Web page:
Kennedy Half Dollar Coin

kennedy-silver-half-dollar-back copy
kennedy-silver-half-dollar-front copy
kennedy-silver-half-dollar-back copy
Coin Details
• Manufacturer: Brilliant Uncirculated
• Denomination: .50 (US)
• Thickness: 2.15 mm
• Diameter: 30.6 mm
Coin Design
  • Obverse: Features left profile of President John F. Kennedy
  • Reverse: Modified presidential seal
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History of the JFK Coin and the Half Dollar

The Kennedy $.50 coin, also called the JFK coin, is the current iteration of the U.S. half dollar. First issued in 1964, one year after the assassination of President John F. Kennedy, it has remained one of the most popular coins among collectors and a common circulating coin.

However, the JFK coin isn’t the original half dollar put into circulation by the U.S. Mint. That title belongs to the first half dollar, made in 1794 of pure silver. Up until 1947, the half dollar was characterized by an obverse face with a woman symbolizing liberty and a reverse face with an eagle. But in 1947, Lady Liberty left the design.

It was followed by the so-called Walking Liberty half dollar, which was produced from 1916 to 1947. It was designed by Adolph A. Weinman, who also created the Mercury dime. The obverse side of the Walking Liberty half dollar showcased Liberty walking with oak branches and laurel and draped in an American flag. The reverse side had an eagle with unfolded wings perched on a rock with a pine branch.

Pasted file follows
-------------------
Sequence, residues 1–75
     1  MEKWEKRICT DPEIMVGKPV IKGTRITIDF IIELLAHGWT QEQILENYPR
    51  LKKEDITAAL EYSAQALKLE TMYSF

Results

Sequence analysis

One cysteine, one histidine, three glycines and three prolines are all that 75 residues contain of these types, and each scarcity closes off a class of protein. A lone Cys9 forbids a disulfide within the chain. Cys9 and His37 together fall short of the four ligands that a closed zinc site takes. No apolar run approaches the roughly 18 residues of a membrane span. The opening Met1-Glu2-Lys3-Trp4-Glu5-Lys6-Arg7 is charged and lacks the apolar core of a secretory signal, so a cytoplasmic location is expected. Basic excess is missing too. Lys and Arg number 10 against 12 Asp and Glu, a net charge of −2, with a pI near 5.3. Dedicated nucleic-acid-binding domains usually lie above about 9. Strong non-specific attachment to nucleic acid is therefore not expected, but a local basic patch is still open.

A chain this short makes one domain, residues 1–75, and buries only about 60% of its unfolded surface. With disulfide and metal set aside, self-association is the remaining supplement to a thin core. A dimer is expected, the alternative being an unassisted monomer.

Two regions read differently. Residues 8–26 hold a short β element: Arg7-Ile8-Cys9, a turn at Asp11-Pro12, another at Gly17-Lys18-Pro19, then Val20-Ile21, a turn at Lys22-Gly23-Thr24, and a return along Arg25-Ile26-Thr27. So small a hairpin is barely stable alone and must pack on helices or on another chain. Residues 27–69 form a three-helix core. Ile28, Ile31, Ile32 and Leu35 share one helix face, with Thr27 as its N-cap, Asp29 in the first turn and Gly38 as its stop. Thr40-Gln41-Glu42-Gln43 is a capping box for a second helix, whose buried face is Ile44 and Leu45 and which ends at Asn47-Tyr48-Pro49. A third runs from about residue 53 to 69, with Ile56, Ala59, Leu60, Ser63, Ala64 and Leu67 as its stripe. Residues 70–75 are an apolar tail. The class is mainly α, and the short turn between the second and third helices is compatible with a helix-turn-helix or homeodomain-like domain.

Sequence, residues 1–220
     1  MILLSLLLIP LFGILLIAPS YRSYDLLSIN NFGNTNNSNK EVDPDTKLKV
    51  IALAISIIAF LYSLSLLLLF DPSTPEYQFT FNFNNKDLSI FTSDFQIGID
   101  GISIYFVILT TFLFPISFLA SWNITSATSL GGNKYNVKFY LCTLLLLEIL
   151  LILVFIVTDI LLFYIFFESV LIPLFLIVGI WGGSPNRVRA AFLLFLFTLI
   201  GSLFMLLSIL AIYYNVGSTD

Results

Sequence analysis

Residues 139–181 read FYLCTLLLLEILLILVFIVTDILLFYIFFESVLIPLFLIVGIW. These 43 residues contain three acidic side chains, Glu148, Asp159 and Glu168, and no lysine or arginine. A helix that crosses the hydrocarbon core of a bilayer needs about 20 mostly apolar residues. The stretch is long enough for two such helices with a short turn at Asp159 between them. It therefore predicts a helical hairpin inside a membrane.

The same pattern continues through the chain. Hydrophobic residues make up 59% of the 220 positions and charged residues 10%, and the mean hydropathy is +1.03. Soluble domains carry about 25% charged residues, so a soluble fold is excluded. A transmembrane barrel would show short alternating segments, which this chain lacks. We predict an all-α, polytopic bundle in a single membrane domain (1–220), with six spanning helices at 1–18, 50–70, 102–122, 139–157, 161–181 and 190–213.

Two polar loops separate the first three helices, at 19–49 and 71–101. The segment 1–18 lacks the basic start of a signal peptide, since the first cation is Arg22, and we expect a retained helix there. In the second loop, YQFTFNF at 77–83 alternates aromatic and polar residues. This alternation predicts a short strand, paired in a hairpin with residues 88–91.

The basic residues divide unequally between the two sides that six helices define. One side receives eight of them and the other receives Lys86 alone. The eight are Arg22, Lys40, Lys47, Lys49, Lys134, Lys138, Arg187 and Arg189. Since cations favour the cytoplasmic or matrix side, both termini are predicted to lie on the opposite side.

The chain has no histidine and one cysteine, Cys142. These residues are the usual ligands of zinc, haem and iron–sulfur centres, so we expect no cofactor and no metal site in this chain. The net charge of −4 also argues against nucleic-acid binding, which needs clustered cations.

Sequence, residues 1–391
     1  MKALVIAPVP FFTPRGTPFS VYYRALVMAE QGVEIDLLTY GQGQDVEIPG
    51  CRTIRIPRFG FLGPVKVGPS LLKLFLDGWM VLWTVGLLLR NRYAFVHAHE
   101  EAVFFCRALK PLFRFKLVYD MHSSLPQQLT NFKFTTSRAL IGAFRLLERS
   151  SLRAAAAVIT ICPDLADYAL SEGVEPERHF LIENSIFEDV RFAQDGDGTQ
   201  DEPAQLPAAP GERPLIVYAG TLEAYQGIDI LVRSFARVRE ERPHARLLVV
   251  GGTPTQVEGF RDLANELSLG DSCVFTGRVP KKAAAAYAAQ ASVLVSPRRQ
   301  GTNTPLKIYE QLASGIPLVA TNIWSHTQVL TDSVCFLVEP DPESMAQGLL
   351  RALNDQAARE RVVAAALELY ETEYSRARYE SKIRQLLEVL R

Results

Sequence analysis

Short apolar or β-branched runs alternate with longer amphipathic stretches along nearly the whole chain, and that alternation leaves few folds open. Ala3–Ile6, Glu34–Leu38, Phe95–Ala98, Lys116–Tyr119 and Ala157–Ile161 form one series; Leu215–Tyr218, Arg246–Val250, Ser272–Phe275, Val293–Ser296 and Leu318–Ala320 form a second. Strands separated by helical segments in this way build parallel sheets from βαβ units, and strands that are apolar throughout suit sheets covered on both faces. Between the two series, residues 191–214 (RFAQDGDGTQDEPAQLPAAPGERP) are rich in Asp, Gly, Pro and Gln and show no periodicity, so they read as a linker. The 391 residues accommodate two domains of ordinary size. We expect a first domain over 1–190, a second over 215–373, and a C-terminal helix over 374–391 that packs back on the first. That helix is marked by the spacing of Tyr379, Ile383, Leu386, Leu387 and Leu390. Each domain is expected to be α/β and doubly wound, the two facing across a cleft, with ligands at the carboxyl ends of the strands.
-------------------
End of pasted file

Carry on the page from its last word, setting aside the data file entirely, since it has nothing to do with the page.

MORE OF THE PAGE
1948 saw a new iteration as Benjamin Franklin replaced Liberty on the obverse side of the half dollar. The reverse side of this new half dollar featured the Liberty Bell in Philadelphia.

Finally, the Kennedy half dollar was initially issued in 1964. Aside from a brief time in the 1970s, this has been the single continually minted half dollar coin in the U.S. coin system. But the JFK coin didn’t stay the same forever.

In 1971, the U.S. Mint took silver away from all half dollars. Instead, like many other silver coins, the Kennedy half dollar’s composition used a copper-nickel combination.

Ever since 2002, U.S. half dollars have been minted for commemorative uses, special coin sets, and collectors. From time to time, the Federal Reserve may order these coins for circulation. At the time of this writing, JFK coins can be minted at the Denver Mint, Philadelphia Mint, or San Francisco Mint.

What Are the Features of the JFK Coin Design?

The design of the JFK coin is noteworthy for its artistic elegance and its tribute to one of America’s most famous presidents. On the obverse side, you’ll see the profile of President John F. Kennedy based on one of the portraits prepared for his presidential medal.